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Iran Fires Missile at Baghdad, Reports Advance Toward Basra

January 21, 1987|From Reuters

MANAMA, Bahrain — Missile and air strikes killed more civilians in the Persian Gulf War on Tuesday as Iran reported a further advance toward the key Iraqi city of Basra on the southern battlefront.

Iran fired a surface-to-surface missile into the Iraqi capital of Baghdad before dawn, and an Iraqi military spokesman said a number of civilians were killed or wounded and houses and shops damaged. Diplomats in Baghdad, however, reported that the missile exploded in an empty field.

The missile, believed to be a Soviet-made Scud-B, was the fifth to hit the Iraqi capital in 10 days in a flare-up of the air war coinciding with the Iranian offensive toward Basra, Iraq's second-largest city.

Several Cities Raided

Iraq launched air strikes against a number of Iranian cities within two hours of the missile's impact.

Among the targets listed by the Iraqis were Qom, Hamadan, Tabriz, Esfahan, Shahabad and Khorramabad. All those sites have been repeatedly bombed over the last several days in what Iraqi military spokesmen termed a retaliation for the shelling of Basra and missile attacks on Baghdad.

The official Iranian news agency IRNA reported eight people wounded in Esfahan, south of Tehran, but it said anti-aircraft fire drove the raiding planes away from other centers.

Seven More Killed

Basra again came under heavy Iranian artillery fire overnight and during the day that killed seven people and wounded 93, according to the Iraqi high command. The number of civilian casualties there from Iranian shelling now stands at more than 600 dead and wounded since Iran's current offensive began 11 days ago.

In ground fighting, Iran reported further advances in its Karbala 5 offensive, which was launched on the southern war front with Basra as its apparent objective. The Iranians said troops who crossed the Jasim River six miles east of Basra two nights ago pushed forward again in heavy fighting Monday night.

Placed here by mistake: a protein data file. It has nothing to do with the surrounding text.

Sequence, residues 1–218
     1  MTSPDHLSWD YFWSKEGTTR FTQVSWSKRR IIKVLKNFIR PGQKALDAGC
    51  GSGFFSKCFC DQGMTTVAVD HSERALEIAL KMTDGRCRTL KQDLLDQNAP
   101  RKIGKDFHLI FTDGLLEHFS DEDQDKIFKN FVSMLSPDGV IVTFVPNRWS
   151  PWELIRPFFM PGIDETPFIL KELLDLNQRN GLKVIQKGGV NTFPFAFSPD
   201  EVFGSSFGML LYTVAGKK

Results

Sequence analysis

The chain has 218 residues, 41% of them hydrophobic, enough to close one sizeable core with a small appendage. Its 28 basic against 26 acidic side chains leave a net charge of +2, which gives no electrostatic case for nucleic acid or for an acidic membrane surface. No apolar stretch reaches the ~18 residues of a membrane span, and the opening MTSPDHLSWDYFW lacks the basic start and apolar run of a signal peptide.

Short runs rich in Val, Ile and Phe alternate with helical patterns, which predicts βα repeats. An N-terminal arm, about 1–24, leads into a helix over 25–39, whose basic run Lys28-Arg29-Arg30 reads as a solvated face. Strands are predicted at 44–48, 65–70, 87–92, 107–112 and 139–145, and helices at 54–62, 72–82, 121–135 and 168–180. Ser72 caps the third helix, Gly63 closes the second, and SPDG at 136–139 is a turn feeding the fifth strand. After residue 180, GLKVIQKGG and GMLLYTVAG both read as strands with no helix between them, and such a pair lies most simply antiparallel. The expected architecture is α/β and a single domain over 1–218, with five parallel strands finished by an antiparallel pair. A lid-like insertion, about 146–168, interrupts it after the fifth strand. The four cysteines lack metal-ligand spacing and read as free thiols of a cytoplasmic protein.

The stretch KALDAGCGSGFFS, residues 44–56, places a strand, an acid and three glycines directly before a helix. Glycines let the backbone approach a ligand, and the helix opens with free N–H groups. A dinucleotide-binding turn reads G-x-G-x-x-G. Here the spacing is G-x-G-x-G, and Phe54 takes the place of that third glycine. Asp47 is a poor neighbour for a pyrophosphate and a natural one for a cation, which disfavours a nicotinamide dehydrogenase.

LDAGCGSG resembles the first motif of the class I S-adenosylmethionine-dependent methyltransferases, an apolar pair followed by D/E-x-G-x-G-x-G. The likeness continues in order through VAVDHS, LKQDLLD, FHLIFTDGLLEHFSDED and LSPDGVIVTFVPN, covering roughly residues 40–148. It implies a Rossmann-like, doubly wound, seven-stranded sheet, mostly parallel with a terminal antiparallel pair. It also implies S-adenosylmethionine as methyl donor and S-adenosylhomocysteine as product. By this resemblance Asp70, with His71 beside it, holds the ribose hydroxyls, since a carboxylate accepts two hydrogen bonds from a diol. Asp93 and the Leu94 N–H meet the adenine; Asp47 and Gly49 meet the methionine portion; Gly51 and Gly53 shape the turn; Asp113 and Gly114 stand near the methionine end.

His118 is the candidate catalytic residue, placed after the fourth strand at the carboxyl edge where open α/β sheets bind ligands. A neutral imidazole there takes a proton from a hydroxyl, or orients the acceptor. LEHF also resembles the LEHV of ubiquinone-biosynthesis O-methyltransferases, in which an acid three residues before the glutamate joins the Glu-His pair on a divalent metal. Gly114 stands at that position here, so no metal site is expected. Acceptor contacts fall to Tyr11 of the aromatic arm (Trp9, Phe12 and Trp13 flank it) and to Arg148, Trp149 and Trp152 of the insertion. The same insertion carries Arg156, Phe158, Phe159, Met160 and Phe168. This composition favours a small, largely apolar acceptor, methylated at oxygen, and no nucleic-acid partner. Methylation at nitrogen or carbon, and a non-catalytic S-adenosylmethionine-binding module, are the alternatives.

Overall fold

However, diplomatic and military observers in Baghdad said the situation on the ground appeared fairly static Tuesday, with the Iranians gaining no more territory and the Iraqis failing to push them back.

In Washington, chief Pentagon spokesman Robert B. Sims dismissed reports that the Iranians are on the verge of capturing Basra.

"Contrary to some reports and some claims," Sims said at a news briefing, "I have seen nothing to indicate that Basra is in imminent danger of falling."

He said Iranian shelling of Basra "has been intense at times in the past few weeks" but that Iranian troops now appear to have encountered an ammunition shortage and "the situation has been relatively stable" for the last four days.

The Iranians have massed about 200,000 troops in the Basra sector, and about 60,000 have been involved in heavy fighting against a force of about 200,000 Iraqis, Sims said.

He estimated Iranian casualties at between 40,000 and 50,000, about half of whom he estimated were killed. Iraqi casualties have been between 10,000 and 20,000, he said, with fewer than 10,000 estimated killed.

"It just continues to be a very terrible situation in which neither side seems to have anything to gain by continuing the fighting," the Pentagon spokesman said.

Asked about TOW anti-tank missiles and Hawk anti-aircraft missiles sold to Iran by the Reagan Administration, Sims said, "We've seen no indication these have been employed" in the current Iranian offensive, "and if they have, they have had no effect."

Times staff writer Gaylord Shaw in Washington contributed to this report.

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